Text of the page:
WHEN Malakhai Riley was seven months old, his mum Cassie Lamos noticed something was not right with her little boy. She could never have prepared herself for what was to follow.
Two weeks ago, the 13-month old Warwick boy was finally diagnosed with Niemann-Pick Type A, an extremely rare incurable disease.
Malakhai is the only known person in the country with the disease and doctors say he may live to two or three years old, but could die within months.
Niemann-Pick Type A is a genetic storage disorder disease, which means fat is not distributed throughout Malakhai's body to assist normal growth, but is localised to the liver and spleen, causing irreparable damage to these and other organs, as well the child's nervous system.
His mother is shattered.
"About six months ago I had a gut feeling that something was very wrong," Miss Lamos said.
"His stomach was all bloated and he simply wasn't growing and as time went on he wasn't reaching normal developmental milestones, like sitting and crawling."
In April this year, a concerned doctor referred Miss Lamos to a paediatrician at the Warwick Hospital.
Blood tests ruled out the obvious possible diagnoses and Malakhai was referred on to Lady Cilento's Children's Hospital in Brisbane for further testing.
Here the young boy was subjected to a range of tests from the hospital's metabolic team before a diagnosis finally came back in mid-August.
"Leading up to the diagnosis I went through a huge amount of emotions," Miss Lamos said.
"I didn't want him to have a life-threatening condition, but deep down it was clear something was wrong.
"I was so stressed and worried, not knowing if my little man was going to go before me, it's been horrible and I'd never wish it on anyone."
When the diagnosis finally arrived, Miss Lamos said it broke her heart beyond repair.
"It was a blur, I felt completely numb to hear the worst possible outcome and there was nothing I could do to change it," she said.
"Nothing but bad news, although there was some comfort in the fact the hospital staff will be there every step of the way."
Doctors emailed other children's hospitals around the country in a search to find another child with the disease and a hopeful solution, but none came.
There are currently cases of children in the UK and the US with the disease and doctors from Lady Cilento's are on a fact-finding mission to determine how best they can assist Malakhai.
A recent sleep study showed the boy has issues breathing while sleeping, so he will now live with an extra oxygen supply.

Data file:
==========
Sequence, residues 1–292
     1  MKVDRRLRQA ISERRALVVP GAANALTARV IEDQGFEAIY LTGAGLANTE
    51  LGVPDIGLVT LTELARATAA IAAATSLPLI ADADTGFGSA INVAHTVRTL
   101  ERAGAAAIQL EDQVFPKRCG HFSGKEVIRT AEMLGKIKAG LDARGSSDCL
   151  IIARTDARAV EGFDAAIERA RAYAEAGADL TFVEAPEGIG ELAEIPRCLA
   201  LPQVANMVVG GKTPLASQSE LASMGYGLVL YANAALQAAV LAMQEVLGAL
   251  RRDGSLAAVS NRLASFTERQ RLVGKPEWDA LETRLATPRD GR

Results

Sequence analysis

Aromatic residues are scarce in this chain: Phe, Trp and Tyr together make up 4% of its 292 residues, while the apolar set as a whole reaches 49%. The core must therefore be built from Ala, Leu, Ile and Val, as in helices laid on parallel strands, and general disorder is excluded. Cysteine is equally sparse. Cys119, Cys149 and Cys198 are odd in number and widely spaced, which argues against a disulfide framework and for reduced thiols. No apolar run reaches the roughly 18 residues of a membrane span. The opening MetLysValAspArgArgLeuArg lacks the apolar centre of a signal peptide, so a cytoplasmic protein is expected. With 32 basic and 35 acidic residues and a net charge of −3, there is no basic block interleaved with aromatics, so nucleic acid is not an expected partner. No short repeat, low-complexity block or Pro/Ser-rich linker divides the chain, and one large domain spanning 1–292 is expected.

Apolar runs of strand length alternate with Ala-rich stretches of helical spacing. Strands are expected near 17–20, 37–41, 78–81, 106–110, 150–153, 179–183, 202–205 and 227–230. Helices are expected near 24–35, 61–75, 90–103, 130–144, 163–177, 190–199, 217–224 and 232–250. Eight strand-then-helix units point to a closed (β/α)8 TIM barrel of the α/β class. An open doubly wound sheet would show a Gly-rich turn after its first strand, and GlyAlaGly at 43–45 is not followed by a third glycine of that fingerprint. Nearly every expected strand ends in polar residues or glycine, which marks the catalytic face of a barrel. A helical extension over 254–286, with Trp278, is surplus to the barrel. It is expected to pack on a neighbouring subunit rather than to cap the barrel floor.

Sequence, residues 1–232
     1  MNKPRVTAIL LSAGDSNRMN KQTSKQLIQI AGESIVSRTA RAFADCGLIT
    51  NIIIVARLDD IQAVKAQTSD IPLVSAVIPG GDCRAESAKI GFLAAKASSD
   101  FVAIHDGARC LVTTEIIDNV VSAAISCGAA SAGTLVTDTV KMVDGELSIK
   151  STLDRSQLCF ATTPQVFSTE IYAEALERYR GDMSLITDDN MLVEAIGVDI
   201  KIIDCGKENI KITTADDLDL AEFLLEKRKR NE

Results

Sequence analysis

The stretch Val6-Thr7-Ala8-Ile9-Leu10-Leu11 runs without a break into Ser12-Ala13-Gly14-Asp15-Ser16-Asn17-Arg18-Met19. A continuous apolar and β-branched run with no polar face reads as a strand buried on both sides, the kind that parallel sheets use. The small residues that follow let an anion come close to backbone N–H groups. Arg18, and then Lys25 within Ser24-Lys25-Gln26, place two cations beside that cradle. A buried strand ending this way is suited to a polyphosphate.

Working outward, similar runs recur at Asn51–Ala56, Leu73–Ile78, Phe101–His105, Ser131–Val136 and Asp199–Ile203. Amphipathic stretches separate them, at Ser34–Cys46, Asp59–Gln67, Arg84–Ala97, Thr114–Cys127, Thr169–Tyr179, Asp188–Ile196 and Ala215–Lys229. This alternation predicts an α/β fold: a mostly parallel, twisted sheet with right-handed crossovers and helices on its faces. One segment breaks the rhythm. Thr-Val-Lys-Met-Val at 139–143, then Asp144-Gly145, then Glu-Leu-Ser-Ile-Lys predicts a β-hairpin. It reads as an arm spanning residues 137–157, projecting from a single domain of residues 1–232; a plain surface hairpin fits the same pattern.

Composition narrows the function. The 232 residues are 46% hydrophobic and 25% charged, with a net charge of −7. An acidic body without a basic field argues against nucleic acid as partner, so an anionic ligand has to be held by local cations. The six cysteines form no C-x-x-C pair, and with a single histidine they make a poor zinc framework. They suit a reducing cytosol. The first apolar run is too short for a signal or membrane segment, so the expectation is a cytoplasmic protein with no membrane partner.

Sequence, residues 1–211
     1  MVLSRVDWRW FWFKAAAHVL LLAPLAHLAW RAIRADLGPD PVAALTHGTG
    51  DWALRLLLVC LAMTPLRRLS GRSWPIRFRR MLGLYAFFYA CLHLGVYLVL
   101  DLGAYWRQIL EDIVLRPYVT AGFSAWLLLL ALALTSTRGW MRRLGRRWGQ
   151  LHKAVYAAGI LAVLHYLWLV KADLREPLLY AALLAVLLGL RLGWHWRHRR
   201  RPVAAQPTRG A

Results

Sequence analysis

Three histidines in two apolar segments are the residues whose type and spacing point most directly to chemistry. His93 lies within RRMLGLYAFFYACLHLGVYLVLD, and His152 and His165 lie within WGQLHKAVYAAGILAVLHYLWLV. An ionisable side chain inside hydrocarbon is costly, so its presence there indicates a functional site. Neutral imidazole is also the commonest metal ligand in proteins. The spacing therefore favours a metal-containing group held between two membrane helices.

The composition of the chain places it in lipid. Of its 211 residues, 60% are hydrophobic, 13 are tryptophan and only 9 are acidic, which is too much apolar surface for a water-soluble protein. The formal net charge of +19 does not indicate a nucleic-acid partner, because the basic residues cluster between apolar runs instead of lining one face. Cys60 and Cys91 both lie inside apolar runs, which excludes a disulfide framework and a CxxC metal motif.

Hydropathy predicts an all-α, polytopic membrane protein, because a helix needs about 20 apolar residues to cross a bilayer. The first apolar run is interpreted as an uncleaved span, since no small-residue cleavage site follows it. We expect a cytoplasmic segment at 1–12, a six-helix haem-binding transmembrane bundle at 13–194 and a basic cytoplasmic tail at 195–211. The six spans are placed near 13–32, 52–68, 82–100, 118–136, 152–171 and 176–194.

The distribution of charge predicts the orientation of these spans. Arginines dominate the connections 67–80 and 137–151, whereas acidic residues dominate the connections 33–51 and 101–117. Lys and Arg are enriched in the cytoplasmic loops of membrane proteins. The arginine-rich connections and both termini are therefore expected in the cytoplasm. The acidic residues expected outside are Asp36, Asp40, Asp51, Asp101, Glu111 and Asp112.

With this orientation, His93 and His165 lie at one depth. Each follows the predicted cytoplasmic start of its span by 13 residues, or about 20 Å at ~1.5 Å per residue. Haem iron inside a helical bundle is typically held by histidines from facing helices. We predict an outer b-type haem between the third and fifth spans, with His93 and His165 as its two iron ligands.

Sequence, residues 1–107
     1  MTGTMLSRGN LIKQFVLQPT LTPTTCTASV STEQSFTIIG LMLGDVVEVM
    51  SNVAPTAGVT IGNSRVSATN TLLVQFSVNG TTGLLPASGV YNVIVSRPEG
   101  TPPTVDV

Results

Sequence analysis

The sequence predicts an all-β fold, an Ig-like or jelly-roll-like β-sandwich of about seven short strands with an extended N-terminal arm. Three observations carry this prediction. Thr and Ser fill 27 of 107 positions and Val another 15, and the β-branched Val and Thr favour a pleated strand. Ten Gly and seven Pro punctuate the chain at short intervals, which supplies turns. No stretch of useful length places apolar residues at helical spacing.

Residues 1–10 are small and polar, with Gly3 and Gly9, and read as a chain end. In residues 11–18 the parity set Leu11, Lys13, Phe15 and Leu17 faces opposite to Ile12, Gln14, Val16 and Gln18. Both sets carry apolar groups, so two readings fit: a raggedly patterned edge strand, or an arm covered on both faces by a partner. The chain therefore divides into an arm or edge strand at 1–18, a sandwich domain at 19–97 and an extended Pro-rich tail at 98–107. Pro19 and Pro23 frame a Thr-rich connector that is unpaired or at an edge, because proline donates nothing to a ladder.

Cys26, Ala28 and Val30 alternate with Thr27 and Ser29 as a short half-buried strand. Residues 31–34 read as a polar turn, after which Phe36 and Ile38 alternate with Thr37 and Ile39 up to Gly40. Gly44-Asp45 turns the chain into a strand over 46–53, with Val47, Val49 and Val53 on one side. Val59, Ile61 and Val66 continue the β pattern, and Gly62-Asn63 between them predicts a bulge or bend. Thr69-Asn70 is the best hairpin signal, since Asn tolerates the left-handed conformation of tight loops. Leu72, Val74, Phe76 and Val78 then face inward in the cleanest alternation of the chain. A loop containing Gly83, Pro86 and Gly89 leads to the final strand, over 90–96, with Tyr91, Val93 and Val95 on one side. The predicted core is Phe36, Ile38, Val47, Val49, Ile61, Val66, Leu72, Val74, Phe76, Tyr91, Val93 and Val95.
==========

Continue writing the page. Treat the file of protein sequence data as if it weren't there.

His bloated organs don't allow food to be processed properly so surgeons will soon insert a feeding tube and external button to allow Miss Lamos to feed her son.
A reactive gagging reflex has made it nearly impossible for Malakhai to swallow.
Miss Lamos, who moved to Warwick at Christmas time, said she had made the move north from Mildura to be closer to family.
"I obviously had no idea at the time exactly how much I was going to need them," she said.
Miss Lamos said her kids were everything to her.
"Now I just have to prepare for the worst.
"I have to be there for him, and hold onto every memory I can with him, cherish every moment," she said.
"All the things you dream you'd do when your child is young, I have to try to squeeze as many of them as I can into the next months, and hopefully years."
Currently the family, including Malakhai's siblings, eight-year-old Amelia and three-year-old Khoen, are staying with Miss Lamos's mother in Beenleigh, as they prepare to move from Warwick to be closer.
"The hospital staff have been amazing, they've gone out of their way to make life as comfortable for Malakhai as they can and have given me all the info I need on what lies ahead," she said.
Miss Lamos's sister Tarryn has started a Gofundme page to help with Cassie's costs of moving, transport, medical costs and to help pay for the funeral.
Miss Lamos said she had been a single mum for eight years and had never asked for help before.
"But I simply can't do this on my own."
To help this family, go to www.gofundme.com/help-little-malakhai
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